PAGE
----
Voter Turnout

How are we doing?

Voter Turnout Rate (2016)

During the 2016 presidential election, the voter turnout rate for the state of Arizona was 49.9%, 5.2 percentage points lower than the national rate. Voter turnout in Arizona was relatively low when compared to other western states. Arizona ranked seventh out of the 10 western states. Of the western states chosen for comparison, Colorado had the highest voter turnout, with 66.2% of the voting-age population casting a ballot. On the opposite end, Texas ranked last, with a voter turnout rate of 43.1%. Historically the voter turnout rate for the Tucson Metropolitan Statistical Area (MSA) has exceeded the state’s turnout rate. During the 2012 presidential election, the voter turnout rate for the Tucson MSA was 50.0%, 2016 data for Tucson will be available in August of 2018.

Why is it important?

Voter turnout is a measure of civic engagement and willingness to participate in the political process. Low voter turnout may be a result of a multitude of factors, including but not limited to socioeconomic status, age, disillusionment, indifference, or contentment. Generally speaking, higher voter turnout is desirable, as it lends to election results that reflect the will of the people.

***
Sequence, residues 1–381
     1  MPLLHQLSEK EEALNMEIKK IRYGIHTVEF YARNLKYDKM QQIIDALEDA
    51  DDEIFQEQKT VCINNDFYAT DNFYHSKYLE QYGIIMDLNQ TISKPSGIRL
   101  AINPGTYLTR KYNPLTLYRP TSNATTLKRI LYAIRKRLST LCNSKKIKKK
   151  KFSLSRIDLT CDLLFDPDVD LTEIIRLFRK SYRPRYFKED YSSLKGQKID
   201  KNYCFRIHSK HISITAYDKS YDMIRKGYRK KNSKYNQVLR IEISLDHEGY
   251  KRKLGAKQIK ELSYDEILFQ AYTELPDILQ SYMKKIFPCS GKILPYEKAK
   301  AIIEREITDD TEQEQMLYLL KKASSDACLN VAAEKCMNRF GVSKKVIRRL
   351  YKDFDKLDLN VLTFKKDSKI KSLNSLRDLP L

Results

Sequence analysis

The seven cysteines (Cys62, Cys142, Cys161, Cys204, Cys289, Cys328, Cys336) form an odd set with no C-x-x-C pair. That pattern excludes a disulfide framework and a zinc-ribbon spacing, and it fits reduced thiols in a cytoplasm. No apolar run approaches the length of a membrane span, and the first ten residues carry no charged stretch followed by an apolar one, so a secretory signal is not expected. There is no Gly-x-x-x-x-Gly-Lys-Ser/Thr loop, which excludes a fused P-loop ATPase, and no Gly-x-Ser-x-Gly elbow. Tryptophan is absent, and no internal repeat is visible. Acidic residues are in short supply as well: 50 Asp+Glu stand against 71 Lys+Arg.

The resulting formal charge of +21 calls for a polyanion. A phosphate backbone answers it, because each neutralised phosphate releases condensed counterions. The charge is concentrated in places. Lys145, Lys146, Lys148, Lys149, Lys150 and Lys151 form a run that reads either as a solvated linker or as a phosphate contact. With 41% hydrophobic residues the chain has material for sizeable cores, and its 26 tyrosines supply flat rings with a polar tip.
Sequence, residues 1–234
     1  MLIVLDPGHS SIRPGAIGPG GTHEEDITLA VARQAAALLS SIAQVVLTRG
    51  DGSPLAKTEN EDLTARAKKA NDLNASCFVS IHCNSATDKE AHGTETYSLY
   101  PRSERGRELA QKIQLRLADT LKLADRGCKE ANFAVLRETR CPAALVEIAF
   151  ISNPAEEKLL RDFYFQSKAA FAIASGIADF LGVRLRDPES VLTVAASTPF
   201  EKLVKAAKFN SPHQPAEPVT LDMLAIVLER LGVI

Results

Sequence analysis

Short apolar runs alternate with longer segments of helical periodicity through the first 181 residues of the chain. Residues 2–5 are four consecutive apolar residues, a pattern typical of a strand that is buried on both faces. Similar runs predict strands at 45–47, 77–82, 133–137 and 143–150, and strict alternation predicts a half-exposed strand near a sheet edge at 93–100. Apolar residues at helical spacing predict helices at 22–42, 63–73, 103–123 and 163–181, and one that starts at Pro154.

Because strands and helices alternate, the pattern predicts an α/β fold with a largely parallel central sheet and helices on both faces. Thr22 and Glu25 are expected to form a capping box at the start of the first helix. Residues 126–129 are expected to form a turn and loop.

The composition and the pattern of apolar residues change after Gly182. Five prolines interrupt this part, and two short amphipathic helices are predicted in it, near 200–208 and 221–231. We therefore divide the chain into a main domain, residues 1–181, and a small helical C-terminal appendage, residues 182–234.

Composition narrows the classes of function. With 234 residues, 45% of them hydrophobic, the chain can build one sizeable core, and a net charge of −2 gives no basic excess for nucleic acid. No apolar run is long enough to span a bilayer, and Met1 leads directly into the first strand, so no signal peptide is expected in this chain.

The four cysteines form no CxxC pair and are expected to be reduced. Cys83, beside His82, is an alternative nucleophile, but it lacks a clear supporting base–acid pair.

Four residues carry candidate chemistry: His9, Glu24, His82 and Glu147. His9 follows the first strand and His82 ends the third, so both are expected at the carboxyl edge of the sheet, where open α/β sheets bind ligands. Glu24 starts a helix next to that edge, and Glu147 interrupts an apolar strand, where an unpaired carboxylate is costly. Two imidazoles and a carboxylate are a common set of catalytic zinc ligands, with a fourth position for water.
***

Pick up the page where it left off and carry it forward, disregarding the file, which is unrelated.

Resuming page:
How do we compare?

During the 2012 presidential election, voter turnout for the nation was 54.1%. Turnout in Arizona was 7.2 percentage points less than the U.S., at 46.9%. The Tucson MSA had a voter turnout rate between the U.S. and Arizona at 50.0%. 

What are the key trends?

Since 2000, the U.S. and state of Arizona have both seen substantial increases in the voter turnout rate, increasing by 4.3 and 9.0 percentage points, respectively. The Tucson MSA had a voter turnout rate of 44.9% in 2000, and 50.0% in 2012, representing a notable increase in the engagement of its residents.   

How is it measured?

Voter turnout is measured by the percentage of the voting-age population that cast ballots. State data are from the U.S. Elections Project, while Arizona county data came directly from the Arizona Secretary of State’s official election canvass.